Is it worth all the work?
How much difference does it make?
He's discouraged as his church continues to decline.
She's frustrated by the people she helped; they returned her generosity with resentment.
He poured his heart out for a friend in need and it seemed to make no difference.
What do you do when you want to quit?
The older I get, the more I’m tempted. Tempted to be:
I have to admit, the more I mature, the harder it is for me to worship. To trust. To pray.
Today I have more control over my life than I’ve ever had. I have more financial security. More independence. More freedom to make my own decisions and choices. But with more control comes more temptation. The temptation of power and pride. The temptation that I can do it on my own. The temptation that I don’t really need God.
The older I get, I sense God calling me to be younger.
Here's my audacious goal: By the end of this post, you will be younger.
Have I been playing it safe?
Am I too comfortable?
Have I taken appropriate risk?
At the beginning of a new year, I wonder if I'm too risk averse. Faith has NEVER been a safe proposition. By its very nature, faith involves uncertainty. And uncertainty requires risk.
If there's nothing to risk, it's not faith.
There is a beginning and an end for everyone.
May I be faithful in the span between.
Not successful or spectacular.
Not popular or wealthy.
This is a message for fake Christians. Which, by the way, includes you . . . and me.
We put on a face. Pretend to be someone who is not truly us. Conceal what's real in order to appear attractive.
As a Christian, do you ever feel pressure to be someone you're not?
I write this as I prepare for a daunting task: confirmation camp. Three days of 7th and 8th graders at a summer camp. Swim time and campfires. Juvenile flirting and smelly boys who have yet to apply deodorant with any consistency. Somewhere in the middle of all this, my team of leaders must impart our deepest held beliefs and convictions.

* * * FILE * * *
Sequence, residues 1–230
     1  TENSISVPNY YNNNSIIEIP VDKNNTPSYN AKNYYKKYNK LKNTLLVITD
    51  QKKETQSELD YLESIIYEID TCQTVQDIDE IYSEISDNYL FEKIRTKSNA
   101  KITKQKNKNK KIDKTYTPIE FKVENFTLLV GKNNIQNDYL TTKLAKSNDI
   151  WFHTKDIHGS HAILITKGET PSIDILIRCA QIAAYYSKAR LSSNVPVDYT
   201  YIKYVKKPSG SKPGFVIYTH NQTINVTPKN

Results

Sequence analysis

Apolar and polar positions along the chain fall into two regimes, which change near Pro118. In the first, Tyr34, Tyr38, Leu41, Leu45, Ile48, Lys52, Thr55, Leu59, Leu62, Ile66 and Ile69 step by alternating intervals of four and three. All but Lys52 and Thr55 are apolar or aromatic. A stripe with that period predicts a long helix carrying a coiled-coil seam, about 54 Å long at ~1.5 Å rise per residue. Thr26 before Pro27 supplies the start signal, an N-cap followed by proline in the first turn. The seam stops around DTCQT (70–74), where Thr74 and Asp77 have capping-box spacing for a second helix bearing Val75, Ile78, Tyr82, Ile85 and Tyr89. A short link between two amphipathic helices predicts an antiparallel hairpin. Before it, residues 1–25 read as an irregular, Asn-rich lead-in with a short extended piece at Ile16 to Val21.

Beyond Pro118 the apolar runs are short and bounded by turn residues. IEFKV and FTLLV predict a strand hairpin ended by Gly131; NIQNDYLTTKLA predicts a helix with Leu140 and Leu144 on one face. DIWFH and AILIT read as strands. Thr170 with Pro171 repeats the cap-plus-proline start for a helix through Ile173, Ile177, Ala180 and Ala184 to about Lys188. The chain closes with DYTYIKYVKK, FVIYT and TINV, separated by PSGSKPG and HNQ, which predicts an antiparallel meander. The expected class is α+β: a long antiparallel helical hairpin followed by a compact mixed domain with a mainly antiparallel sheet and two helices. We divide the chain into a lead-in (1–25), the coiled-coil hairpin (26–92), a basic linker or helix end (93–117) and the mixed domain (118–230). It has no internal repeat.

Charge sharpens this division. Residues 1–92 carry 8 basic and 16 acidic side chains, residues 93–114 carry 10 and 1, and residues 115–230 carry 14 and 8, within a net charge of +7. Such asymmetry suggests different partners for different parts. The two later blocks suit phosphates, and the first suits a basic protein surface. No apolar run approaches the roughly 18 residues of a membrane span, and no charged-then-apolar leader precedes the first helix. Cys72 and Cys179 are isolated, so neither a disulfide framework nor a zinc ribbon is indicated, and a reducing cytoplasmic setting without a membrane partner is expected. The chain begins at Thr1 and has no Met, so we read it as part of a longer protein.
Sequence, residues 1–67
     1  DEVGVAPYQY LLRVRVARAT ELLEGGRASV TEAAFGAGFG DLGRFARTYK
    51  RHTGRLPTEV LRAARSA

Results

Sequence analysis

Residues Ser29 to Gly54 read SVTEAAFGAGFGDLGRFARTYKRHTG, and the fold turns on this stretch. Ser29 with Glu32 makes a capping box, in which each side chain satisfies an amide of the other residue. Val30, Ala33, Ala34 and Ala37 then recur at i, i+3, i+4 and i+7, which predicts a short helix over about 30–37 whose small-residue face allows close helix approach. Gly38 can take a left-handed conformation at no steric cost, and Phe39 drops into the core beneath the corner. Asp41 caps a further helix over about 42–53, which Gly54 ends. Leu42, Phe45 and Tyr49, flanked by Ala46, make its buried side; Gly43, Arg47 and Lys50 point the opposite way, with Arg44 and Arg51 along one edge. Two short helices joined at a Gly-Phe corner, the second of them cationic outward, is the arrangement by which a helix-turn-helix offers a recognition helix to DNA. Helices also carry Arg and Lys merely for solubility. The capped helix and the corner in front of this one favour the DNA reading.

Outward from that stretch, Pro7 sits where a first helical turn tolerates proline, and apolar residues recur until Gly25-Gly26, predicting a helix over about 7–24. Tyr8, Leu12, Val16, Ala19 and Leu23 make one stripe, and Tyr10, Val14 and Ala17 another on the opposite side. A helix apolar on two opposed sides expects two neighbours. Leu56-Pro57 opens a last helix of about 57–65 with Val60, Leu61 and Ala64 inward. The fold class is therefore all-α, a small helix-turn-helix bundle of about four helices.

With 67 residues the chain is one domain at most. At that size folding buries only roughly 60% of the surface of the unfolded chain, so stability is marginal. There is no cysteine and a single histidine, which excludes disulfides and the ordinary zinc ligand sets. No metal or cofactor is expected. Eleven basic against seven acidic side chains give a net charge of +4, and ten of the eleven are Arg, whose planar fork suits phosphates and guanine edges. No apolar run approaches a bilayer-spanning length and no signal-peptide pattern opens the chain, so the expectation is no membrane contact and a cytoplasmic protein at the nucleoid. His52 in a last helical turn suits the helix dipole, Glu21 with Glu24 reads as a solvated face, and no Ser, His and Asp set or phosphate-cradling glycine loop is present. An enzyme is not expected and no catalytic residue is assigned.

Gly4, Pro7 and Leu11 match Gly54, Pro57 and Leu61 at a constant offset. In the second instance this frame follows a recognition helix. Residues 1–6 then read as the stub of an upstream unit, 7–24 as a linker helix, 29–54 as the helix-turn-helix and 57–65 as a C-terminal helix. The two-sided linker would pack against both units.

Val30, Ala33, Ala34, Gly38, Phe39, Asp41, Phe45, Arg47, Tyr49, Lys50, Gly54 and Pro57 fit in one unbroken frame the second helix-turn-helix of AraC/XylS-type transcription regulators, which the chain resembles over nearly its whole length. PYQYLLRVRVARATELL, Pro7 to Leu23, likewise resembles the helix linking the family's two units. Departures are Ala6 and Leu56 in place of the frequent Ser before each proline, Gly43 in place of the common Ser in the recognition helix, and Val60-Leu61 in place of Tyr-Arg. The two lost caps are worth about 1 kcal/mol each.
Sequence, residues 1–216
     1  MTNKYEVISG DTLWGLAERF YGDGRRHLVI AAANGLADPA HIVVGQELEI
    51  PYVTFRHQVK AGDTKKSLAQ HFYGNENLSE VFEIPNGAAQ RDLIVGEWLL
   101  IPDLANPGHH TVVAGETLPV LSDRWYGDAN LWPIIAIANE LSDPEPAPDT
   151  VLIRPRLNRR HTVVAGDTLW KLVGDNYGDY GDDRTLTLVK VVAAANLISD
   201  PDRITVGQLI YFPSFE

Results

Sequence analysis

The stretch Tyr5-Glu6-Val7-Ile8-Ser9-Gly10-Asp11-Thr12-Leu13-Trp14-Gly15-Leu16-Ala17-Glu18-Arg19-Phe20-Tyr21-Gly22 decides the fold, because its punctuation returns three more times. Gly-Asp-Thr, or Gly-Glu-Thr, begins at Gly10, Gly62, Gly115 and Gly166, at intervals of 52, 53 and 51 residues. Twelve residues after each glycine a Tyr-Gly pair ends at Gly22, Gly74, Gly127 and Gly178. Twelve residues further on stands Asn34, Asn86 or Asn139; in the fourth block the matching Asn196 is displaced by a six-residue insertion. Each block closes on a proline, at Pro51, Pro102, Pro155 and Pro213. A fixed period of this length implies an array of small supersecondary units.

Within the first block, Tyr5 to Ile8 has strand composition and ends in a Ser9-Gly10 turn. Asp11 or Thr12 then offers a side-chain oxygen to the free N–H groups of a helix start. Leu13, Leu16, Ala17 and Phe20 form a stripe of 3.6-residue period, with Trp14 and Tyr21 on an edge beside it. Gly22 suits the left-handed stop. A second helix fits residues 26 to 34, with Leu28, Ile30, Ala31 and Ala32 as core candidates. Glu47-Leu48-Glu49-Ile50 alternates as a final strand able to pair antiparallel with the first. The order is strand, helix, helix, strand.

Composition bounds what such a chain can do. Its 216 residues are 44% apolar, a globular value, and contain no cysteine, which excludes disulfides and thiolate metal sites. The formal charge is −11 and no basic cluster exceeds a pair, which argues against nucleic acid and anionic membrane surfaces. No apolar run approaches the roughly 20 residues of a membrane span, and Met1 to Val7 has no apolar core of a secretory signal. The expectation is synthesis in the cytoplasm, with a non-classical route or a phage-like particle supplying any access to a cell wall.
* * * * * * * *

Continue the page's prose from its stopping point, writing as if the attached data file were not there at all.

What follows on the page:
Impacting the lives of young people is a great responsibility. I don't take it lightly, and I tremble a little every time.
Am I effective?
Am I making a difference?
Is there more I could do to connect with these kids?
Whenever I freak out over a big challenge, I refer back to a quote by Charles Haddon Spurgeon:
“The Christian should work as if all depended upon him, and pray as if it all depended upon God.”
On Sunday, I watched Lebron James complete his decimation of the Golden State Warriors. He was a terror during the last three games in particular. Whatever your opinion of James, he was ferocious.
41 points in both games five and six.
A triple double in game seven.
Never has a teams come back from being down 3-1 in the NBA Finals.
And all that against a Warriors team that had the best regular season record in NBA history.
Sports writer Bill Simmons has a term for this: the Alpha Dog. Michael Jordan had it. Larry Bird had it. Lebron has it. At the right time, in the biggest moments, they simply take over. Go for the kill. Slay the opponent. The Alpha Dog asserts dominance.